Town Near DMZ To Open For Artists Participating In Annual Exhibition Project
The Demilitarized Zone is the last place one would expect an art exhibition to be held.
The DMZ Art Project, an annual exhibition project that takes place in Korea, will be opening the door for artists to work in residence at a border town from April to October in order to further explore and experience the area, according to The Korea Herald.
The program is open to both Korean and international artists. Foreign artists are reportedly only able to stay at the residency for three months.
The residency program will reportedly take place in Yangji-ri in Cheorwon, Gangwon Province. Final works of the artists will be displayed during the annual DMZ Art Project exhibition in the summer.
The sad history behind how the DMZ came about has inspired art in various forms.
A town called Dongsong-eup, also located in Gangwon Province, expresses the sadness of the state of division by implementing art within the area’s architecture. Buildings within the town, which used to belong to North Korea right after the liberation from Japan, have been given a little something extra by the 49 team of artists that participated in the “REAL DMZ PROJECT 2015: Lived Time of Dongsong," according to The Korea Times.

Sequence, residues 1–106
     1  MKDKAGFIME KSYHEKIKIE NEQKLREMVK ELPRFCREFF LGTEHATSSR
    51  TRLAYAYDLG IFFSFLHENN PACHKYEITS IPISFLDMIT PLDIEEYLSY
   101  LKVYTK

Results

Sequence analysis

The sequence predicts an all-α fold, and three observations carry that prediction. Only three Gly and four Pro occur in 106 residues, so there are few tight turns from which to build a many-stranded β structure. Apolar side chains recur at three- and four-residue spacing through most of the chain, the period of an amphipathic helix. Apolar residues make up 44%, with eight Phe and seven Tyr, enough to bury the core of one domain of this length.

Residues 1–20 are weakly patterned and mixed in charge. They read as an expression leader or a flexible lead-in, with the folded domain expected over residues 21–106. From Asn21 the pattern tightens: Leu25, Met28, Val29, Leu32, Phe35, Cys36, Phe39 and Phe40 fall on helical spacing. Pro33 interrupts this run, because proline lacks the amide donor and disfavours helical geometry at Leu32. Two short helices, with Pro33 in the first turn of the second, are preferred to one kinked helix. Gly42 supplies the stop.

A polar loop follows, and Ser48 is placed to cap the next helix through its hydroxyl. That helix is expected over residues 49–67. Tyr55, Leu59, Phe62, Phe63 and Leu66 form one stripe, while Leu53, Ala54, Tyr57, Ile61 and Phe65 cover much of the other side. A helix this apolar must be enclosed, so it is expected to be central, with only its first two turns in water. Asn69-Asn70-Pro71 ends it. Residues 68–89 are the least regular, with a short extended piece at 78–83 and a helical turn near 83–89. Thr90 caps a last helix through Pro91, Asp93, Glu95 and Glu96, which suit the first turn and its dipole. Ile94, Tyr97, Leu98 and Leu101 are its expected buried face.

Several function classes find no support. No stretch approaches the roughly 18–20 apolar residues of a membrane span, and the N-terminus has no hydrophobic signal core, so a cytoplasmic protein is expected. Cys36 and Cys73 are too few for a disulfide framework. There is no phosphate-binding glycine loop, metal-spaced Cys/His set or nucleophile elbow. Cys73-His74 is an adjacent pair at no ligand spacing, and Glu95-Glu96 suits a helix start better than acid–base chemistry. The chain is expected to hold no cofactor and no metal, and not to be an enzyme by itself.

There is a huge sign on one of the buildings in the town with the sign “Everything Is Really Going To Be Alright.” Around that building is a phone booth with a camouflage net made of cable ties, which is reportedly supposed to represent the guard post where the North and South Korean soldiers stand face-to-face.
There is importance in these art exhibitions.
The DMZ is a constant reminder of the ongoing conflict between North and South Korea. South Korea established a memorial to soldiers who were injured in the area during a land mine incident last August, according to UPI.
The sculpture is reportedly the shape of a leg and foot in motion, symbolizing the first step towards peace and the spirit of the soldiers, according to the South Korean military.